Beyond rumor and second hand stories, Henry Flagler had more to do with the place name Islamorada than anything purple. While colorful, the purple story, at least as it relates to the Upper Keys, lacks any form of documentation or corroboration.
The purple theory is generally attributed to one of two phenomenons, both of which date back to the early days of Spanish exploration. One source of the purple theory comes in the form of a sea snail known to feed on Portuguese man o’ war identified as Janthina janthina. Also known as the purple sea snail, the pelagic species with a thin purple shell floats at the ocean’s surface beneath a raft-like mucus bubble of its own making. The bubble serves as a sail much like the pink and purple tipped jelly of the Portuguese man o’ war on which the snail sometimes feeds.
Because the snails have a tendency to from large groups at sea, from time to time winds blow the bubble-sailed snails in a single direction which causes them to occasionally pile up en masse on land. While these purple-shelled snails are indigenous to climates with warm tropical and temperate waters and it is certainly plausible that some time long ago Spanish sailors witnessed a stranding of these colorful snails on the Matecumbe islands and declared either one of the other a purple isle, there is no historical documentation chronicling the event.
The second prevailing purple theory stems from a climbing vine with brilliantly colored rice paper flowers indigenous to South America. The first European to document the botanical was Dr. Philibert Commerson, a naturalist assigned to what is considered France’s first exploratory circumnavigation of the globe. After cataloguing the plant “discovered” near Rio de Janeiro in 1768, Commerson named it in honor of the man at the helm of the 126-foot, 26-gun frigate La Boudeuse on which he had been assigned, Commander Louis-Antoine de Bougainville.
By 1768, the original site of Islamorada had been clearly identified as some form of Matecumbe for, at the very least, decades. A Spanish map charting wreck sites of the imperiled 1733 treasure fleet ravaged by a September hurricane that predates the discovery of the bougainvillea by more than three decades identifies Upper Matecumbe as Matacunbe Viejo. Matecumbe, in fact, is one of oldest place names in all of South Florida and dates back to 1573.
To the contrary, the place name Islamorada does not seem to enter the historical records until after the arrival of William J. Krome. An engineer working for Henry Flagler, Krome was responsible for coordinating the direction of the Key West Extension of the Florida East Coast Railway’s right-of-way. He is also the namesake of the mainland’s Krome Avenue.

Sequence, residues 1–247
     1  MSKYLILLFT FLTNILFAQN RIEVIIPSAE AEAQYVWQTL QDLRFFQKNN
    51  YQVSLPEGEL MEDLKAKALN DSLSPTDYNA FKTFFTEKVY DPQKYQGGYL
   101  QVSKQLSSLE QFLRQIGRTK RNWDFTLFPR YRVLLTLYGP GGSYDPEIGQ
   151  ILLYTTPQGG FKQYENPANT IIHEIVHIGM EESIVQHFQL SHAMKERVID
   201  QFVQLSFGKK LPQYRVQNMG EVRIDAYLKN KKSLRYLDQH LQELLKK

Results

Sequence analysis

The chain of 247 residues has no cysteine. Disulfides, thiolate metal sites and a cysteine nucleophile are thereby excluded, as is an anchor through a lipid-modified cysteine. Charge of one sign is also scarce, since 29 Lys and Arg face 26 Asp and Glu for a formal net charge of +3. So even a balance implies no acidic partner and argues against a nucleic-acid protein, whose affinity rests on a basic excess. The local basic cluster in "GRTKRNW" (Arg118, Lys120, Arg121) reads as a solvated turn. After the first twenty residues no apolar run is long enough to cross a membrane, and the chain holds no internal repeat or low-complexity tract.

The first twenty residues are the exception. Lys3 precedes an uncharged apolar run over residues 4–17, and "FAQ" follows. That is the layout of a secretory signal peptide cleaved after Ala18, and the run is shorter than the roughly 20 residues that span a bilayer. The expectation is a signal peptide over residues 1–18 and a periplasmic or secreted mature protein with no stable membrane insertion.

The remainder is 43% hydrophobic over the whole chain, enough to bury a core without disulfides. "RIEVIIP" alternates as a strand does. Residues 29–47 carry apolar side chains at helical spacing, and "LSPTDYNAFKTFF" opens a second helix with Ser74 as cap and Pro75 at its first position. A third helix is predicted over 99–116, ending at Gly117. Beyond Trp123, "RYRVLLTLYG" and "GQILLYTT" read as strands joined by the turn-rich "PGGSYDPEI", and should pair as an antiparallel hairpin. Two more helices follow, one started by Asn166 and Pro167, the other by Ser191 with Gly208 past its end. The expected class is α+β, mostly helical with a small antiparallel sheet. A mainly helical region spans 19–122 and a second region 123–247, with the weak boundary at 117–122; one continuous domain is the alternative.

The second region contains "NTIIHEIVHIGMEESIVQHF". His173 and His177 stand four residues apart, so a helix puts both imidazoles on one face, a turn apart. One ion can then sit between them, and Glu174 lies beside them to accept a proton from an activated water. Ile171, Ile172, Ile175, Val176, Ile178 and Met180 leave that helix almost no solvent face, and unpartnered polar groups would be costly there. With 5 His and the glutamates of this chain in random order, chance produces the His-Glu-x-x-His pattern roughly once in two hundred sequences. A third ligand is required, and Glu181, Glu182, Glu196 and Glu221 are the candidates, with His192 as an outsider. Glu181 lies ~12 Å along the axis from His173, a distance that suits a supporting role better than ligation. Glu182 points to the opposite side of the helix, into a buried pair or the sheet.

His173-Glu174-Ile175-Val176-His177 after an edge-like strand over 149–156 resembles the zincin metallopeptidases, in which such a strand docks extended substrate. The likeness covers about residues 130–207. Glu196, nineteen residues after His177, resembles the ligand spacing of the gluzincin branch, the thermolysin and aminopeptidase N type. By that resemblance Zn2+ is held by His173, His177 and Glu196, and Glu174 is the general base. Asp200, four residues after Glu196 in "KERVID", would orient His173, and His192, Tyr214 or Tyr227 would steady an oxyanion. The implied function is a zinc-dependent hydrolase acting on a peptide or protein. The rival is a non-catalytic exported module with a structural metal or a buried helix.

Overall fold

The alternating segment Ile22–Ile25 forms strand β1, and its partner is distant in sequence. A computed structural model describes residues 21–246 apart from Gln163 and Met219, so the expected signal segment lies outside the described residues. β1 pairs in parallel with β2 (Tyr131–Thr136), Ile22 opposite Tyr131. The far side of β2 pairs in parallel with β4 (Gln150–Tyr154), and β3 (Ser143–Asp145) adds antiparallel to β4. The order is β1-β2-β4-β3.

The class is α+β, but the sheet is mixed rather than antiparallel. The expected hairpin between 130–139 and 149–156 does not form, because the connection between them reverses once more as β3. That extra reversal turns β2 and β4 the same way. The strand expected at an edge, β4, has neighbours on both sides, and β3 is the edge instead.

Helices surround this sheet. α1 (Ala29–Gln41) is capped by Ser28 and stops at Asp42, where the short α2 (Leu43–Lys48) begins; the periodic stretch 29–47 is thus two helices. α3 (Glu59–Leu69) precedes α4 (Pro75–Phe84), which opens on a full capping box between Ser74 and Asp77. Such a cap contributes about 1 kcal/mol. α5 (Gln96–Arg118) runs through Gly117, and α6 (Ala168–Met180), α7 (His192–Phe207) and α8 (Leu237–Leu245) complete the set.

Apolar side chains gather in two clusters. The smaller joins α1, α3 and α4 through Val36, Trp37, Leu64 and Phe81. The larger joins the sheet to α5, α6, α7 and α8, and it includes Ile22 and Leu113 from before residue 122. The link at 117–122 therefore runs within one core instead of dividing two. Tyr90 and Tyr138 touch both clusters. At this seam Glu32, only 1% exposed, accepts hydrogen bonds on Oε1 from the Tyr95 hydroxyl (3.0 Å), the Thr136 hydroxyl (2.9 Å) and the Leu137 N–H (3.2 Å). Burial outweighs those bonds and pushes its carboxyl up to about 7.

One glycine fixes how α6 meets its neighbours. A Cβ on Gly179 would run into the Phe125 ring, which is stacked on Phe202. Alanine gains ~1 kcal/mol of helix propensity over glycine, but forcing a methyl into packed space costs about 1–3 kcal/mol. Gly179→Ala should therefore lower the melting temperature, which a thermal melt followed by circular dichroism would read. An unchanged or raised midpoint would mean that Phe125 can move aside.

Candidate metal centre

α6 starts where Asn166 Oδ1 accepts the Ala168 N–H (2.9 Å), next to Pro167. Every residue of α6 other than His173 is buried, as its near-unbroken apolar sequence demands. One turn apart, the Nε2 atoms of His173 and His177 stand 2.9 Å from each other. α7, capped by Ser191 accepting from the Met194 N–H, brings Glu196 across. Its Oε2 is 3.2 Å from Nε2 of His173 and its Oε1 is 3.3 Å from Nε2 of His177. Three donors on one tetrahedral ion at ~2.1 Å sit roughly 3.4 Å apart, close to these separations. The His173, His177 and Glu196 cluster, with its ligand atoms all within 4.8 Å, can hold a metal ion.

Apparently liking what he saw, Krome purchased 15 acres of Upper Matecumbe Key from the two youngest sons of the original Russells, Richard and Mary, who arrived on the island circa 1853. Krome paid John H. and James W. Russell $735 or, $49 per acre, for the property. He then platted 22 lots and declared it the town site Isla Morada.
The following announcement appeared in a May 7, 1907 newspaper and read, “On the north end of Upper Matecumbe Key a new town known as Isla Morada has sprung into existence… It is believed that Isla Morada will become an important tourist stopping place in winter as the location is beautiful and the fishing convenient and excellent.”
What was later confirmed by Mr. Krome’s wife, Isabelle, in a letter written to her friend Mal Flanders dated May 10, 1965, was the meaning of the place name. Mrs. Krome wrote, “I was not a member of the family at that time and had no part in the selecting of the name, but Mr. Krome told me that it was derived from the Spanish isla and morada, meaning home.”
The likely genesis of the place name Isla Morada was the 60-foot schooner Island Home. Commissioned by Plantation Key’s John “Brush” Pinder, one of the primary uses of the vessel was the shipping of Pinder’s pineapples and Key limes, likely to Miami where they could be loaded on to the East Coast Railway train cars and reliably ushered to market. Pinder and his family lived on a swath of Plantation Key stretching from bay to ocean in the vicinity of what is today at least partially home to Founders Park.
Bush hired a gentleman to build his ship, a Bahamian described as part black and part Indian, named “Old Whiskers” Wilkerson who reportedly “eyeballed” construction of the 60-foot, two-masted, flat-bottomed, centerboard schooner designed to navigate the shallows and shoals surrounding the island chain.
Christened the Island Home in 1903, Sarah Albury, the oldest child of Brush Pinder, spoke of the ship’s launch in Nikki Beare’s Pirates, Pineapples, and People. “It was a sight and event I’ll never forget. All of the children were so excited. None of us had ever seen so much excitement. Everyone was laughing and joking. Oh! We all had a happy time that night.”
While there is no documentation directly associating the Island Home to Krome’s Isla Morada, Krome would have been keenly aware of the vital role the schooner served. Before Flagler’s train would begin offering daily service to the Upper Keys circa 1908, the only means of communicating with the world beyond the Keys was via the ocean and the Island Home had certainly served as a vital conduit.
Brad Bertelli is an Upper Keys historian and curator of the Keys History & Discovery Center. The author of five books on Florida and Florida Keys history, his column appears every other week in The Reporter. Reach Brad with comments and questions at email@example.com.